An interview by Diana Fehr / July 2022
Deborah Nas is a technology enthusiast, keynote speaker, entrepreneur, and professor of Strategic Design for Technology-Based Innovation at the University of Delft. She is a thought leader in technology-based innovation and has been an active participant in the tech innovation space for the last 25 years. From working with startups to serving as a consultant for companies looking to future-proof their innovation strategies, her experience has given her valuable insights into the factors behind the failure or success of new tech products.
MuseoSpace: The title of your book is „Design Things That Make Sense“. Why do you use the term “things”, and not “products”?
Deborah Nas: Innovations based on technologies are often a combination of products, services, business models, infrastructures, data, or even entire ecosystems. They become “things” that are increasingly more challenging to define.
MuseoSpace: The title implies that many things designed today don’t make sense. What is your view on this?
Deborah Nas: Indeed, many “things” launched on the market don’t really make sense to the people they are intended for. There’s too much of a “technology push” going on, in other words; the development of technology for the sake of technology, just because it can be done. Very often, technology is not applied in a meaningful way; it doesn’t create a clear value and the product or service simply doesn’t make sense.
When consumers look at these products, they start questioning: What is this for? What is its value? Why is it better than what I have? If we don’t apply technology in a meaningful way, it will never be successful and we will continue wasting materials, money, and human resources.
MuseoSpace: What inspired you to write this book in the first place and how can it help designers put Human-Centred Design at the core of their innovation?
Deborah Nas: I’ve been working with innovation teams for over 25 years, helping them apply technology in a meaningful way and develop strong value propositions. Over time, translating consumer needs into meaningful products has become a skill that, as I found out when I started teaching, is difficult to explain to others, mainly due to the lack of an overview of possible product benefits that an innovator could base their value proposition on.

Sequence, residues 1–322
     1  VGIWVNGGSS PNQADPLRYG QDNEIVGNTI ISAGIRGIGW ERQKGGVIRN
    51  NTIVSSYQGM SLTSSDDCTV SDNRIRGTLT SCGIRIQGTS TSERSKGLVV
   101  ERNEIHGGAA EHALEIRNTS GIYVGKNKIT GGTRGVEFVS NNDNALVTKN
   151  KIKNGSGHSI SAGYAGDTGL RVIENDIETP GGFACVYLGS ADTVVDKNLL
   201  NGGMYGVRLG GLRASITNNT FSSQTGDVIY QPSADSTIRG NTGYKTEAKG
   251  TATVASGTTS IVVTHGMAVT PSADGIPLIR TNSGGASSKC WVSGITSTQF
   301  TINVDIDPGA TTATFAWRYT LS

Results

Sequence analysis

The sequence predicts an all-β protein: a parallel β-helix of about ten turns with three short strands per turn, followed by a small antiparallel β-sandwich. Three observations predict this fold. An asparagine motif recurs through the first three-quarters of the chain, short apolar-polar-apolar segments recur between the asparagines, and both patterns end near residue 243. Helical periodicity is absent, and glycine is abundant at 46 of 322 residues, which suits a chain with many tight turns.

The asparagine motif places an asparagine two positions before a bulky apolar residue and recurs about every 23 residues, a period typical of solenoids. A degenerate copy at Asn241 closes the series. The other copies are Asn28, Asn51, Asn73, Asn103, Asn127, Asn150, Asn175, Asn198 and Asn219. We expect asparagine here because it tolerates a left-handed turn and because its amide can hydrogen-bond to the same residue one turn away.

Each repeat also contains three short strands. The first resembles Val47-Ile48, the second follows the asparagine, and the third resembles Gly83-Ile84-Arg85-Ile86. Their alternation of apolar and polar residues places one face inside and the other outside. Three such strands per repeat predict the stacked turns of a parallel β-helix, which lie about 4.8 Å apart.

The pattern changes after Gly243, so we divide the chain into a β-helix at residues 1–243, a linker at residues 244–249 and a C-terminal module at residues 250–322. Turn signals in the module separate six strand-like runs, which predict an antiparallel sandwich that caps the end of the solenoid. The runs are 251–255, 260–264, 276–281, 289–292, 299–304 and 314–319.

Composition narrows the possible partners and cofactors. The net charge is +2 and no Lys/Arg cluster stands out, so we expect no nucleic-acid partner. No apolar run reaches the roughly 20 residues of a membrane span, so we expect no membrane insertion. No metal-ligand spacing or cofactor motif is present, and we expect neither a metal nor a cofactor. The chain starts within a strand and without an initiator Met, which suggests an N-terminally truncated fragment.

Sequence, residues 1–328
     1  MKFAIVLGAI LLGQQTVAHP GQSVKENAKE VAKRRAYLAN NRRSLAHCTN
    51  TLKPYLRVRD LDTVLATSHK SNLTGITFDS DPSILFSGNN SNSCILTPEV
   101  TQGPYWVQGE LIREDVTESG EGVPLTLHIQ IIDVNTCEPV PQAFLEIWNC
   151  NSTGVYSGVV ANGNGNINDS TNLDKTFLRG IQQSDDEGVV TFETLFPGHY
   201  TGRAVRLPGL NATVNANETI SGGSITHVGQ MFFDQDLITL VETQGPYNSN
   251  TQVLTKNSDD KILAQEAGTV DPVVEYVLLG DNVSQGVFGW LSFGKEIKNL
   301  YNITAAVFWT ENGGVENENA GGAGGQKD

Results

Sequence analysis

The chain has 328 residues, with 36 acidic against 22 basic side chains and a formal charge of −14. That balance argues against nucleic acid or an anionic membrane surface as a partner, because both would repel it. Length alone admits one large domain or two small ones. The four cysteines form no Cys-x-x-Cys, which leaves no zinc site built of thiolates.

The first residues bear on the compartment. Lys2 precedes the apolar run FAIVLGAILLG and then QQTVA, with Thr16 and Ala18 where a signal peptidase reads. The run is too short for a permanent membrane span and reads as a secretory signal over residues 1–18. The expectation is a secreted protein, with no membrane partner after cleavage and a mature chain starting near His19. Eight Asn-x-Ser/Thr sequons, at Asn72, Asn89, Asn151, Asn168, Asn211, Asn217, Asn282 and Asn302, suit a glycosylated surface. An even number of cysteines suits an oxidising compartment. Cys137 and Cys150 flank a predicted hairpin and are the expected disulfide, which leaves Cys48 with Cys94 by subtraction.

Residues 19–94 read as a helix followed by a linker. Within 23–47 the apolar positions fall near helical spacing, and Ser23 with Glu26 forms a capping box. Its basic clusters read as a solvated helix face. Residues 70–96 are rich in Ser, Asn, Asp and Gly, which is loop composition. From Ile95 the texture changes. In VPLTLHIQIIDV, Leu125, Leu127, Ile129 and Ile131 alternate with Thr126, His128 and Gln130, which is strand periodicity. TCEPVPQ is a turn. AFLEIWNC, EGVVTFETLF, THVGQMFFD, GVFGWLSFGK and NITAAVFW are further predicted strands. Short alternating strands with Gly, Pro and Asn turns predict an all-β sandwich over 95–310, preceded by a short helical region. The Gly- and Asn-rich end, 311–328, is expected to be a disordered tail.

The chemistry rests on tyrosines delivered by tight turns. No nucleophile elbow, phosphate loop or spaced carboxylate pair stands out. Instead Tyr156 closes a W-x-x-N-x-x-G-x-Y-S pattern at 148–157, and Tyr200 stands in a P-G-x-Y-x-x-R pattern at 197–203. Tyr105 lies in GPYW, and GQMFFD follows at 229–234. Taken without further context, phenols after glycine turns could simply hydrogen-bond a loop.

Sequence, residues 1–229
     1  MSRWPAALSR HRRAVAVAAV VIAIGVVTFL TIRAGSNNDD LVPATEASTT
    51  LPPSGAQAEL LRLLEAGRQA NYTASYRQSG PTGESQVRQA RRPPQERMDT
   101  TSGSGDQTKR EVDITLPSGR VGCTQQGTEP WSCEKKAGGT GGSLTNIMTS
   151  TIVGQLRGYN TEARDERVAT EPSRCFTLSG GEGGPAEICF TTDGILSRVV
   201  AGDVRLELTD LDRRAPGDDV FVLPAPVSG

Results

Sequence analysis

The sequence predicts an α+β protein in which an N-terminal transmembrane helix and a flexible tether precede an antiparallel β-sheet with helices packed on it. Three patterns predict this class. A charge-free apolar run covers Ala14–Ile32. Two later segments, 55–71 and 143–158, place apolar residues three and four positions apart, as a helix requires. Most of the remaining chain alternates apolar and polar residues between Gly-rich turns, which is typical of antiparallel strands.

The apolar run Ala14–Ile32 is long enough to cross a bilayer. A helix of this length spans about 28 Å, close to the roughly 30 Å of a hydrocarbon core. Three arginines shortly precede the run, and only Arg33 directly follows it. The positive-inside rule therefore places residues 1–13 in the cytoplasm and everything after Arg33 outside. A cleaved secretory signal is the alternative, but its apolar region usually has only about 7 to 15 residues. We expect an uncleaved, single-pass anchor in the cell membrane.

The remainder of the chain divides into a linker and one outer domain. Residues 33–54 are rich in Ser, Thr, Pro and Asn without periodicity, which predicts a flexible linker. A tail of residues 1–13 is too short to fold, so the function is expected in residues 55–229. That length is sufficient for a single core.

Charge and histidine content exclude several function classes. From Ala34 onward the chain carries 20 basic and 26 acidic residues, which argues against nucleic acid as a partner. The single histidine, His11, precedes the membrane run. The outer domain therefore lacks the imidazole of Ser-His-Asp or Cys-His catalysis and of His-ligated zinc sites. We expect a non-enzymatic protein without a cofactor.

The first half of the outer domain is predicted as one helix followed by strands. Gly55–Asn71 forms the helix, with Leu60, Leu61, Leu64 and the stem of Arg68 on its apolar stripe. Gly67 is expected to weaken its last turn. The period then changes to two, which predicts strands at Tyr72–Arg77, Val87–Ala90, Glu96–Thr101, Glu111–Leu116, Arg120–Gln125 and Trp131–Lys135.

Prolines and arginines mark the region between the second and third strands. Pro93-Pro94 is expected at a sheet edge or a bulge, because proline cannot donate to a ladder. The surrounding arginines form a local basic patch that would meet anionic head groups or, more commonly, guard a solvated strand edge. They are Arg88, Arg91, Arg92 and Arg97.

I embarked upon a journey to create this overview, by delving into numerous theories on technology, adoption, resistance, retention and psychology. Each of these offered a specific perspective on human needs, but on its own was incomplete and somehow incompatible. I then took all of these theories, broke them down into the smallest possible building blocks, and analysed them in the context of case studies, with the goal of figuring out what makes a product successful and what doesn’t. From my research I developed 24 design strategies to strengthen product benefits and 13 to mitigate consumer resistance.
MuseoSpace: What do you mean by strengthening product benefits and mitigating consumer resistance?
Deborah Nas: Simply put: all end users need to see the value of a product or service, because only then they will love it and ultimately use it for a very long time. Furthermore, we need to design our products in such a way that we mitigate any possible resistance to them. For example, we need to make sure that people don’t have to worry about privacy, compatibility, technology being quickly outdated, etc. Tech innovation teams often consist of innovators and early adopters that don’t naturally think about these issues upfront, as personally they quickly embrace new technological innovations despite possible drawbacks.
Most people, however, are not first in line to get their hands on new technological innovations, and in general, tend to stick to what they know. This is where the concept of “loss aversion” comes into play, which in the context of innovation means that we overvalue what we have today, and we undervalue the new thing that we are not familiar with.
MuseoSpace: I see, so essentially it is clear that user needs must be at the center of innovation. Understanding what creates value, and what the drivers behind resistance are, helps innovators step into the end user’s shoes, which is where the Tech Design Strategies come into play. So how can innovators use these Tech Design Strategies effectively?